Rizal and Heneral Luna’s Chinatown
Taking advantage of the cool and windy weather last Saturday, I decided to stroll around Chinatown to soak in the commercialized festivity that accompanies the Chinese New Year. All sorts of charms were on offer in shops and stalls. Red and gold dominated the landscape. Rows of ornamental orange trees teeming with inedible fruit made for a pretty sight, and vendors were busy ornamenting huge gnarled ginger roots with ribbons for good luck. One stall, off Ongpin Street bridge, was awash with all types of kamote: local, Chinese, Korean, and Japanese. I knew kamote as a “musical” rather than “auspicious” food. Before COVID-19, my friend Ivan Man Dy gave belly-busting food tours of Chinatown that led to long lines outside the restaurants he recommended; today, you can pop in without a reservation.
My mission was to get a box of Cow Label for my favorite niece, haw flakes for a friend, tikoy for my sister, and what to me is the best hopia in town, which comes with watermelon seeds (and egg if you want the fancier type). Thick-crusted and larger than the usual hopia, it is best heated in a bread toaster before being served, quartered, and consumed like mooncake, which I find too rich. My mother used to scold me when I refused special mooncake with lotus seeds and duck eggs, declaring: “Napaka-ignorante mo, kung ayaw mo ng mooncake mag-hopia ka na lang!” So I took her word, preferring plain mongo hopia from Ho-Land or Polland bakery. “Hopia baboy,” by the way, is made from mongo, too, not pork.
I left Lunar New Year shopping to the end of the trip, because I wanted to do some historical research on the side. First, I crossed the San Fernando Bridge in front of Binondo Church to find the site where Rizal’s mother, Teodora Alonso, died in 1911. Located on 478 San Fernando Street, the site has two historical markers you cannot miss, prominently displayed and cared for at the entrance to the Oceancell Building. From here, I walked along the estero in search of Estraude Street; you cannot find it without asking people, because it has no street sign.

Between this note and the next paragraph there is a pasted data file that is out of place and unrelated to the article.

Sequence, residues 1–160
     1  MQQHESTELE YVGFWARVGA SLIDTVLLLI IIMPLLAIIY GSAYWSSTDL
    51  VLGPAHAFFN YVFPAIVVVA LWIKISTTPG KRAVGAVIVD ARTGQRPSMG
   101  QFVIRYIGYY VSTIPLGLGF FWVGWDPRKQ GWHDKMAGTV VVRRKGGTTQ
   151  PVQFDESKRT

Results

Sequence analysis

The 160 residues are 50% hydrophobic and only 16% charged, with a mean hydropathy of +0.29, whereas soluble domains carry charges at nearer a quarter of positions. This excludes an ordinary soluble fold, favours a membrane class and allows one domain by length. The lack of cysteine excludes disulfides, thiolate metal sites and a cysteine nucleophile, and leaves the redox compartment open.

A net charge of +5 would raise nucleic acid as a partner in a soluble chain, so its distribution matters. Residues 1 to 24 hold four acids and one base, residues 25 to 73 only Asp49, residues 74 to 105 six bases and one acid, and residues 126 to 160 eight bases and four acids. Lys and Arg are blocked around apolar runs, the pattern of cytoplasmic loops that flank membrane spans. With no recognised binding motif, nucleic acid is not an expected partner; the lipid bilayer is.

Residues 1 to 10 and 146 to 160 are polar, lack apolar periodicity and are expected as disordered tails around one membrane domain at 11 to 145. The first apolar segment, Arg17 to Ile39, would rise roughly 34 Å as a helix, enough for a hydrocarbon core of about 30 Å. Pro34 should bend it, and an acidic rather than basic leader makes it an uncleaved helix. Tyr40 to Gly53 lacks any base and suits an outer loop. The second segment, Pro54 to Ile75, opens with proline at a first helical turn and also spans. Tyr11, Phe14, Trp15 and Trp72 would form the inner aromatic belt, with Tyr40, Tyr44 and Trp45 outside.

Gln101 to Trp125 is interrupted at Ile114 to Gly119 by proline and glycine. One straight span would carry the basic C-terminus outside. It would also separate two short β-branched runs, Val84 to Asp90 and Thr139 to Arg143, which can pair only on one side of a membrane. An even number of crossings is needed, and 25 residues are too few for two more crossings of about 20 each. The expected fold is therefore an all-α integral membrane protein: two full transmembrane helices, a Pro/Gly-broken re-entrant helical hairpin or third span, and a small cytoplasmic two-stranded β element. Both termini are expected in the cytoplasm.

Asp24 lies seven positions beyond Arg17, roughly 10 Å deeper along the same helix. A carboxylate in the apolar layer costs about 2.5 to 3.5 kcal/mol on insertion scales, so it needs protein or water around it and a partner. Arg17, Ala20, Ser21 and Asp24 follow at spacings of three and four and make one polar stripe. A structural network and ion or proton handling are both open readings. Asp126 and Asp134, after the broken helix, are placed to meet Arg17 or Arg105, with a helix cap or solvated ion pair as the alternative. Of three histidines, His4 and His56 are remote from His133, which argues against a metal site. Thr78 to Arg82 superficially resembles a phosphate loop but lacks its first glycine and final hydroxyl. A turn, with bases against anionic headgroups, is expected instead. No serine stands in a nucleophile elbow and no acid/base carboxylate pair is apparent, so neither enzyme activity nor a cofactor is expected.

Another Rizal family home used to be on this street. I had visited and photographed it two decades ago; it is now an empty lot. Disappointed, I then walked toward the corner of Urbiztondo corner Elcano streets where, across the Raja Soliman School, you will find the old house where Antonio Luna was born. Unlike his elder brother, the painter Juan Luna, who was born in Badoc, Ilocos Norte, the fiery Heneral Luna was rooted in San Nicolas and the esteros fed by the Pasig River. This explains his pen name: Taga-Ilog.
On my way back to Binondo Church, I crossed San Fernando Bridge again. I remembered that in old photographs, the ruined building on the left side, at the foot of the bridge, was the site of a restaurant. A wall used to carry a huge sign that read: “Panciteria Macanista del Buen Gusto” (Macanese Panciteria of Good Taste), which was referenced in Chapter 25 of “El Filibusterismo.” As Rizal described it: “At the center of the sala and beneath the red lanterns were four round tables, systematically arranged to form a square; equally round little wooden stools served as seats. In the middle of each table, according to the custom of the establishment, were laid out four small colored plates with four pastries on each one, and four tea cups with their corresponding lids, all of red porcelain. In front of each stool could be seen a bottle and two wineglasses of gleaming crystal.”
A sign with big black letters was also in that old sala and, translated from the original Spanish, warned: “The manager of this eatery. Warns the public. That absolutely nothing may be left. On any table or chair.” Today that sign would be: “Mind your belongings. Management will not be responsible for misplaced or stolen property.”
I have no idea what the pastries on the plates were, but the four dishes the group had in the novel were pancit lang-lang, “made of mushrooms, lobsters or shrimps, egg noodles, sotanghon, chicken bits and I don’t know what else”; lumpia, fried spring roll, “shining with grease outside and tough pork inside!”, torta, crab omelet that the group could hear being cooked sizzling in lard; and pancit guisado or sauteed noodles.
Chinatown then as now will make many Filipinos feel like a tourist in their own country.
Comments are welcome at email@example.com